Ohio is the latest state to plan a bill outlawing health care for trans youth

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Across the nation, conservative legislators are using their power to go after transgender individuals. Now, two Republican lawmakers in Ohio are preparing a bill targeting trans youth that would stop them from accessing gender-affirming health care. The bill's sponsor claims that doing so is a way to look out for young people, but studies have shown this type of bill in reality helps no one.

Ohio state Reps. Ron Hood and Bill Dean plan to co-sponsor the bill. Although it isn't drafted yet, CNN reported that some of its main points will include prohibiting any medical and "therapeutic" practices related to gender-affirming care. Not only would the bill give families the ability to sue a provider for offering such treatments, but it would also put into place criminal penalties for medical professionals who do so.

The intention to criminalize treating transgender youth is reminiscent of a South Dakota bill lawmakers voted on last month. Also introduced by Republican lawmakers, the bill would have made it a misdemeanor for doctors to "change or affirm the minor's perception of the minor's sex." Although the bill was passed through the South Dakota House, it didn't pass the Senate.

Similar to South Dakota Rep. Fred Deutsch, who sponsored the bill in that state, Ohio legislators are couching their law in language of concern. At a press conference last week, CNN reported that Hood claimed, "What we are concerned about here is that Ohio's most vulnerable children are being subjected to experimental, unproven, and expensive treatments and surgeries."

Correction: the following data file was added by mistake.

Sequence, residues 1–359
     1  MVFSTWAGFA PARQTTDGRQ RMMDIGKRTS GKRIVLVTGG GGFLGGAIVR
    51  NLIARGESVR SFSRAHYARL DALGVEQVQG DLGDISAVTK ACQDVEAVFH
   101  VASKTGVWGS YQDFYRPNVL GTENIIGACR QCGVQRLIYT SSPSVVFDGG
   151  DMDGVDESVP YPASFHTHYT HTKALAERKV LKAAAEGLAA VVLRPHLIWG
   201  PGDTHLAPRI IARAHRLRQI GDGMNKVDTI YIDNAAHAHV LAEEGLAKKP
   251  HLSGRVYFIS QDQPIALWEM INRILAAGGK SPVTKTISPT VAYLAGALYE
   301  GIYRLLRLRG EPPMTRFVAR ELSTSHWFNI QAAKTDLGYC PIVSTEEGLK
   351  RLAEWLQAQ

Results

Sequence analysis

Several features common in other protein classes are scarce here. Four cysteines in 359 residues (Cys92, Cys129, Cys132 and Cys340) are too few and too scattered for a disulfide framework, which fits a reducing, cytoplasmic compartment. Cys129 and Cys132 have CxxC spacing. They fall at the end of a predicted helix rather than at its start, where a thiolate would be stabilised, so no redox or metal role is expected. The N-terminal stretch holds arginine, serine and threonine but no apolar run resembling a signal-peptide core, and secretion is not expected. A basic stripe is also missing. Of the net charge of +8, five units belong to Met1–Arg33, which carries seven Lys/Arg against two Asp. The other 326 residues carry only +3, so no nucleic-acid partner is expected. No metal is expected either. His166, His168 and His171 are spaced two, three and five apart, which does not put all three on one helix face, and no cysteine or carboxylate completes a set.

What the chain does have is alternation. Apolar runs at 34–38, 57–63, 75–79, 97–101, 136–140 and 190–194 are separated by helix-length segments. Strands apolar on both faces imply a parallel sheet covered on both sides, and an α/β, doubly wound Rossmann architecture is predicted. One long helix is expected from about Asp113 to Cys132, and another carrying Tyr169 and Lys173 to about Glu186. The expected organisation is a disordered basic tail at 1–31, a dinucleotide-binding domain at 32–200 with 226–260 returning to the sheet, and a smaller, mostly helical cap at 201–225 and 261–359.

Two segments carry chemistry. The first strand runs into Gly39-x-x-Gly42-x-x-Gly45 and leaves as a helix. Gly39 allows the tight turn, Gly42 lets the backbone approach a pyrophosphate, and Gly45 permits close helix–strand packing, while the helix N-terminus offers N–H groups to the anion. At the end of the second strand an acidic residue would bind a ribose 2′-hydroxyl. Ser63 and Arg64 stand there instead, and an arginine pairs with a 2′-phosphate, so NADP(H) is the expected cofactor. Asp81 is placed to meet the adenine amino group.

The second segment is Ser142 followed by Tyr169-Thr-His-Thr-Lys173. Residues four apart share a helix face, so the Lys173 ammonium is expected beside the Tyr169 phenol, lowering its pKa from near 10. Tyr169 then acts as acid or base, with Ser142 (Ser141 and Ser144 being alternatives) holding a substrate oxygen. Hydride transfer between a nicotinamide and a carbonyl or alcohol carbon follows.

"This bill is dealing with children under 18, who would be subjected to these procedures which are irreversible, and these decisions are obviously being made by children. The best suicide prevention is to cure and guide, not to sterilize," Hood said.


The irony in Hood's statement is glaring. Sure, trans youth are vulnerable, but that isn't because of the gender-affirming care many still struggle to receive. Instead, trans youth are made vulnerable due to transphobic policies and the lawmakers who push them through.

While Hood claims that trans youth are subjected to experimental and unproven treatments or surgeries, that's simply not the case. Most young people don't get any type of surgery at all; instead, they start with puberty blockers and other forms of hormone treatment.

Studies continue to find high rates of attempted or completed suicide among trans youth. Last week, a study in the journal Pediatrics found that trans youth who receive gender-affirming care are less likely to have suicidal ideation over their lifetime.

Leading medical organizations have taken note of these studies and reassessed their own policies. In 2017, the American Academy of Pediatrics released a statement saying, "The American Academy of Pediatrics stands in support of transgender children and adults, and condemns attempts to stigmatize or marginalize them." The next year, the AAP updated its policy to call explicitly for gender-affirming care for trans youth.

The proposed Ohio bill is just one of 57 across state legislatures aimed at limiting access to trans medical care, Cathryn Oakley, the state legislative director and senior counsel for the Human Rights Campaign, told CNN. Even if Ohio's bill sees the same stalled fate as South Dakota's, the frequency at which lawmakers are going after trans youth is alarming.